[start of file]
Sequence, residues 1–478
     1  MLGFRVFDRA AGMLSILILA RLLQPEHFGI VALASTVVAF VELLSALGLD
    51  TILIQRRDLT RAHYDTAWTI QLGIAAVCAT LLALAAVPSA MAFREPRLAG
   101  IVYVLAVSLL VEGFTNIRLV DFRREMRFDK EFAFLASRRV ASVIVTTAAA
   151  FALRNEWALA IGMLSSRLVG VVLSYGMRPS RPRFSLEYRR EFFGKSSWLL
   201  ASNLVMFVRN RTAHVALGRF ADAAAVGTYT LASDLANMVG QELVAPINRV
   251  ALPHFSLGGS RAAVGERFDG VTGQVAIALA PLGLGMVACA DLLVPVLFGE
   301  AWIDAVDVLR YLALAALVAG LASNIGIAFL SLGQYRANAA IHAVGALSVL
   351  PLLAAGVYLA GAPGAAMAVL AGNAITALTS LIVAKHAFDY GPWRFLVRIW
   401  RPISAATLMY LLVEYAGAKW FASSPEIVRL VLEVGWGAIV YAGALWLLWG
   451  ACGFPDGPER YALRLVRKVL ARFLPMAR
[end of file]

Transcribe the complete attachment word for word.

Sequence, residues 1–478
     1  MLGFRVFDRA AGMLSILILA RLLQPEHFGI VALASTVVAF VELLSALGLD
    51  TILIQRRDLT RAHYDTAWTI QLGIAAVCAT LLALAAVPSA MAFREPRLAG
   101  IVYVLAVSLL VEGFTNIRLV DFRREMRFDK EFAFLASRRV ASVIVTTAAA
   151  FALRNEWALA IGMLSSRLVG VVLSYGMRPS RPRFSLEYRR EFFGKSSWLL
   201  ASNLVMFVRN RTAHVALGRF ADAAAVGTYT LASDLANMVG QELVAPINRV
   251  ALPHFSLGGS RAAVGERFDG VTGQVAIALA PLGLGMVACA DLLVPVLFGE
   301  AWIDAVDVLR YLALAALVAG LASNIGIAFL SLGQYRANAA IHAVGALSVL
   351  PLLAAGVYLA GAPGAAMAVL AGNAITALTS LIVAKHAFDY GPWRFLVRIW
   401  RPISAATLMY LLVEYAGAKW FASSPEIVRL VLEVGWGAIV YAGALWLLWG
   451  ACGFPDGPER YALRLVRKVL ARFLPMAR